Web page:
Blue foods are extremely diverse and contribute to nutrition, economies, livelihoods and cultures all over the world. They have an essential role to play in the shift towards healthy, sustainable and just food systems, yet they have been overlooked in global food systems discussions of global food systems. A deeper understanding of their benefits is key to informing policies that address nutritional, social and environmental challenges associated with food systems while navigating trade-offs in between countries and different geographic contexts.
Leveraging the findings of the Blue Food Assessment, this paper identifies four policy objectives to help decision-makers ensure that blue foods contribute to more nutritious, just, resilient, and sustainable food systems worldwide. The study assesses the relevance of each policy objective for individual countries and compares and contrasts the benefits and trade-offs associated with pursuing them. Results provide a guiding framework and interactive, digital tool for public- and private-sector decision-makers to assess blue food policies most relevant to their local context and geographies.
Blue foods currently play an important role for nutrition, livelihoods or national revenue in 103 countries, particularly in the Global South.
Blue foods can help achieve four main policy objectives: 1) reducing nutrient deficiencies, 2) reducing risk of cardiovascular disease, 3) reducing the carbon footprints associated with food consumption and production and 4) safeguarding contributions to nutrition, economies, livelihoods and cultures under climate change. And for many countries multiple policy objectives are relevant.
Reducing nutrient deficiencies: 91% of countries with vitamin B12 deficiency also suffer from omega-3 deficiency. Vitamin B12 deficiency appears to reflect more general under-nutrition of a population, while omega-3 deficiency (specifically DHA + EPA) is caused by low intake of blue foods.
Reducing nutrient deficiencies and carbon footprints: In a majority of the 89 countries where omega-3 enhancing policies are relevant, reducing carbon footprints is also a relevant objective.
Reducing cardiovascular disease and carbon footprints: Countries with high red meat intake who also grapple with high incidence of cardiovascular disease, are primarily located in the Global North, with the exception of several small-island states. 82% of these nations also have high dietary footprints from ruminant meat. If available and affordable, low-impact blue foods could be encouraged as a stepping-stone away from high red meat intake in such settings, promoting both health and environment.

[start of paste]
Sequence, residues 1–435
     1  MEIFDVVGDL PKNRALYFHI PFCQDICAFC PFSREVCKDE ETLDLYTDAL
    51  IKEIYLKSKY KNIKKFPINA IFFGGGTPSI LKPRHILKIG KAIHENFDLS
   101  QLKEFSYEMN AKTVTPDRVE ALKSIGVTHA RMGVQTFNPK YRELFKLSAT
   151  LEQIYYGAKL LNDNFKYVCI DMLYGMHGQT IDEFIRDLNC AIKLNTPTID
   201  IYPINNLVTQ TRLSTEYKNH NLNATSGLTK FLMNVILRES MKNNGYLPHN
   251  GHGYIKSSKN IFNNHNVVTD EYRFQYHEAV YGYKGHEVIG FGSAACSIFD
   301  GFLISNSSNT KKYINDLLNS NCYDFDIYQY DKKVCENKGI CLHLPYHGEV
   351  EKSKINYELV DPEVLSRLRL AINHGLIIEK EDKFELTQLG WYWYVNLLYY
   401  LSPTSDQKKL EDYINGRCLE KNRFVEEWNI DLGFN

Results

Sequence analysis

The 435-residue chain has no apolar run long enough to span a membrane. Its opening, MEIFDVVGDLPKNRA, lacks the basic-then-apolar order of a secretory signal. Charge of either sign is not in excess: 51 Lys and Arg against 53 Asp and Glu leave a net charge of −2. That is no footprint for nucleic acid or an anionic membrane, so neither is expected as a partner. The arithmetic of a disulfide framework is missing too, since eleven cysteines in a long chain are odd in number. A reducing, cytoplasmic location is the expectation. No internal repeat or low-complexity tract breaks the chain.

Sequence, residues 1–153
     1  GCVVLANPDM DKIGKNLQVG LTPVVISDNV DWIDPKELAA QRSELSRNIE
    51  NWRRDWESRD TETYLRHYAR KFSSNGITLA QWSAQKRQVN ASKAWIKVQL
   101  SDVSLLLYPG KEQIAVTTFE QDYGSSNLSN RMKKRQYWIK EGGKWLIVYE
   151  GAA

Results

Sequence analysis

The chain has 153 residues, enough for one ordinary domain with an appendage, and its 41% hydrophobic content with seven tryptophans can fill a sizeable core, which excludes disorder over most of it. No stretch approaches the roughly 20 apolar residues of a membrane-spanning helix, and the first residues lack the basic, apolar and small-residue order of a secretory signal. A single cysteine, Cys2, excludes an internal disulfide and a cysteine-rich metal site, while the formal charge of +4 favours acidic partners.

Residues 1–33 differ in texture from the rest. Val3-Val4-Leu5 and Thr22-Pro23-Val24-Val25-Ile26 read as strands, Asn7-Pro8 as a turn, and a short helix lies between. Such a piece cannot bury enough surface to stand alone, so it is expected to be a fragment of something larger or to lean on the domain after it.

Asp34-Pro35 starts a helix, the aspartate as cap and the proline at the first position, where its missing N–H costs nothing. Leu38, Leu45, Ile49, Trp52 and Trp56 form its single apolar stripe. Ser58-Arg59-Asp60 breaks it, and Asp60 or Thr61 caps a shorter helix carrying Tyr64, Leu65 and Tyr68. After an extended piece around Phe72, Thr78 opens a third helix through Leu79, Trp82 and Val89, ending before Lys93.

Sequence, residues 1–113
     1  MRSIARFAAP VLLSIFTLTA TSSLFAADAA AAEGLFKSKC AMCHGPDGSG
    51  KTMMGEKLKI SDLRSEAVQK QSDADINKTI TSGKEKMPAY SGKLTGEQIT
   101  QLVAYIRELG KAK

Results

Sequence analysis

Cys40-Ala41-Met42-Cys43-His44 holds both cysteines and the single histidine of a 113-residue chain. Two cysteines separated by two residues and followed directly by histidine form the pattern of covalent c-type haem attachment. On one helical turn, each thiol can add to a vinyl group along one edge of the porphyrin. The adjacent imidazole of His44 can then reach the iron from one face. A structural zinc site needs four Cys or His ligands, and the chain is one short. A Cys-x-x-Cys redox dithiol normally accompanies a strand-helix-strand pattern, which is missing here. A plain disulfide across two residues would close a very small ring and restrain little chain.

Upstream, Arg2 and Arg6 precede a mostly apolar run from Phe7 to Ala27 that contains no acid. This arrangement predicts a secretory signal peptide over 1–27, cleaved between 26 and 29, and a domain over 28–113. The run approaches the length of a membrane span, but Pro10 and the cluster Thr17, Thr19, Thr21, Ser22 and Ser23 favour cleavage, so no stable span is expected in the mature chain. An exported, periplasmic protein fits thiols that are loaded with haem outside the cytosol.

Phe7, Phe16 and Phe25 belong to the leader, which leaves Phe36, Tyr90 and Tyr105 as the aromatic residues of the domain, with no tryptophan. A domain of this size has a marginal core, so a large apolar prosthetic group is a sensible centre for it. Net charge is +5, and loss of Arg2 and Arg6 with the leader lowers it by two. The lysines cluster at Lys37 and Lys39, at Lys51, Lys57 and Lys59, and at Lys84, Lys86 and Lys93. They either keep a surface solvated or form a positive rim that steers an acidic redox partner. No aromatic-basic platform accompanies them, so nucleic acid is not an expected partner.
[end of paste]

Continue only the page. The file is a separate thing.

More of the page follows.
Reducing carbon footprints: 124 countries were found to have a high intake of ruminant meat, contributing to high dietary greenhouse gas footprints. As with reducing cardiovascular disease risk, low environmental impact blue food could thus function as a transition from high red meat intake, towards less environmentally impactful protein sources (including plant-based alternatives).
“Our framework provides a guide for decision-makers to identify and leverage four key functions that blue foods can provide to achieve food system ambitions in local contexts.”– Beatrice Crona, Stockholm Resilience Centre at Stockholm University
In many countries, blue foods will play a vital role in realizing an alternative future where food production and consumption is both sustainable and healthy.”– Zachary Koehn, Stanford Center for Ocean Solutions
“An appreciation of the diversity of blue foods is essential to navigating the trade-offs of pursuing different blue food policy objectives.”– Rosamond Naylor, Stanford Center on Food Security and the Environment